Your sexual orientation is a way to describe the feelings you have for someone you fancy, want to date or be in a relationship with. You might fancy people of a different gender, the same gender or more than one gender. You might not fancy anyone at all and that’s fine too!
Some interesting things to think about:
- We don’t know what causes someone’s sexual orientation, but we know that it isn’t a choice – no one can change who they fancy. Sexual orientation is a part of who we are.
- You can’t tell what someone’s sexual orientation is by looking at them – the only real way to know this is if they tell you.
- Someone else can’t tell you what your sexual orientation is – only you know how you feel and you should never feel pressured to label yourself.
- Some people know their sexual orientation from a young age and some people take a while to work out what makes them feel comfortable. This is completely fine – everyone is unique.
Because these feelings are personal and because everyone is different, there are a lot of different labels that are used to describe sexual orientation. The labels that a lot of people (including organisations) use are:
- Lesbian – girls who fancy girls. Some girls may prefer to be called gay, but others prefer to be called a lesbian.
- Gay – when boys fancy boys or girls fancy girls. Although more commonly used for boys, 'gay' applies to girls too.
- Bisexual/bi – when people fancy a range of people. This could mean a boy fancying other boys and girls, or people who are non-binary (for more information on what non-binary means, click here).
- Straight/heterosexual – when girls fancy boys or boys fancy girls.
A lot of people don't like labels but sometimes it’s useful to have some common words that everyone understands, just to make life a bit easier. For example, a sexual health clinic might hold a ‘lesbian drop-in’ session to offer help just to women who fancy women. The fact that everybody knows what is meant by a service for lesbians means that the right people will use it, which is really important.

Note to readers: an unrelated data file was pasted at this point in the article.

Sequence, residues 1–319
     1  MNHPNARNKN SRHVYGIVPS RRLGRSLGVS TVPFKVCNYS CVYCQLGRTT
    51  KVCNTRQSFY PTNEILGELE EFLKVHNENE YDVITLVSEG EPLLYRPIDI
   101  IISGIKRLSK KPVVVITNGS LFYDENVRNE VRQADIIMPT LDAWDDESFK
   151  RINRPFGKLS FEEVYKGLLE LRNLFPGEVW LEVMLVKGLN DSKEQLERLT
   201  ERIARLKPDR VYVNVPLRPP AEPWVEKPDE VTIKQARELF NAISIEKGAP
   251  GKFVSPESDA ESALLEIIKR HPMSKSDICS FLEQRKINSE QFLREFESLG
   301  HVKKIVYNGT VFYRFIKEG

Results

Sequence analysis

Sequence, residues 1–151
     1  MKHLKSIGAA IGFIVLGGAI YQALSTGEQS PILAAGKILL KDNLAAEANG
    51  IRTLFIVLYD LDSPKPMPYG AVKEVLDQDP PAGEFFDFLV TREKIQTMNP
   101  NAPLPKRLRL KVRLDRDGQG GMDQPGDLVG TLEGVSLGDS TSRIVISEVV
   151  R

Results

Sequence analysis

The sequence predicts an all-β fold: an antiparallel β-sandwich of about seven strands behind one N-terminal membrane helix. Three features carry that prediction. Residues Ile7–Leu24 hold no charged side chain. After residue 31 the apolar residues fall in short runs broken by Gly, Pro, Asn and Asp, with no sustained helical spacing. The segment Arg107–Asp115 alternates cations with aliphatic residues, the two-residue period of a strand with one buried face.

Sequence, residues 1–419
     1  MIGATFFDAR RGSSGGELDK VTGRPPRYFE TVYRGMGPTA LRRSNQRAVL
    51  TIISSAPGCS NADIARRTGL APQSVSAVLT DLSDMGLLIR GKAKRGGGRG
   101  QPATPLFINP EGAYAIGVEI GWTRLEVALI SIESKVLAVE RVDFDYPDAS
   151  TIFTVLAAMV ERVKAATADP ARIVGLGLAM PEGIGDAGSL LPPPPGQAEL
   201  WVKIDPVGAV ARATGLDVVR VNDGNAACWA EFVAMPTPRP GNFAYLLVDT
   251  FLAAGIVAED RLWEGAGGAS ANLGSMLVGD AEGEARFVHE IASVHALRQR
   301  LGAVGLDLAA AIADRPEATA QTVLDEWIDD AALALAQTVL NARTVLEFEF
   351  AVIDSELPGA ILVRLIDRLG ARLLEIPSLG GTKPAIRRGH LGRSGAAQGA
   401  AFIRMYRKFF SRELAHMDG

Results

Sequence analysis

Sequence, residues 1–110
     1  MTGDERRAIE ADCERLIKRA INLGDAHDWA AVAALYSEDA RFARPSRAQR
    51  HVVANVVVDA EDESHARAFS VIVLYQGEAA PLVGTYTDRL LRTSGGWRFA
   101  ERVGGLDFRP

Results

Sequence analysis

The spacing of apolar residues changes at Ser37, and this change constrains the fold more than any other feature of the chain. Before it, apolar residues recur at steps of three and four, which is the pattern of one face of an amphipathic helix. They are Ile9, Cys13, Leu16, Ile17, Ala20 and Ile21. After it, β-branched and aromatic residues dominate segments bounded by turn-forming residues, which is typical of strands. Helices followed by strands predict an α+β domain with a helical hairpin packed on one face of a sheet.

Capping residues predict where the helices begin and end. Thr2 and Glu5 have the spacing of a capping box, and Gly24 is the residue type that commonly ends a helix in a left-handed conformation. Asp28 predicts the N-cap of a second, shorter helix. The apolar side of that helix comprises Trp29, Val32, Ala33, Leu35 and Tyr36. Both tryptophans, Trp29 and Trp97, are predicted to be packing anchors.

There are a lot of other labels that are used - some you might have heard of, some you might not. Here are a few more, but there are many others:
- Queer– a term that some people use who aren’t straight. Although some older people might find this word offensive as it was often used to insult gay people, a lot of people nowadays have reclaimed the word and use it because they don’t like other labels.
- Pansexual/pan – people who fancy people of any gender. This might be someone who says that they don’t think someone’s gender is important when they fancy people.
- Asexual/ace – people who don’t fancy others. Some people find that they don’t want to date or be in a relationship with other people because they don’t feel any attraction to them.
Some people will feel that these words describe their feelings properly while others won't. Your sexual orientation is personal and it’s your business – whether or not you decide to use a label.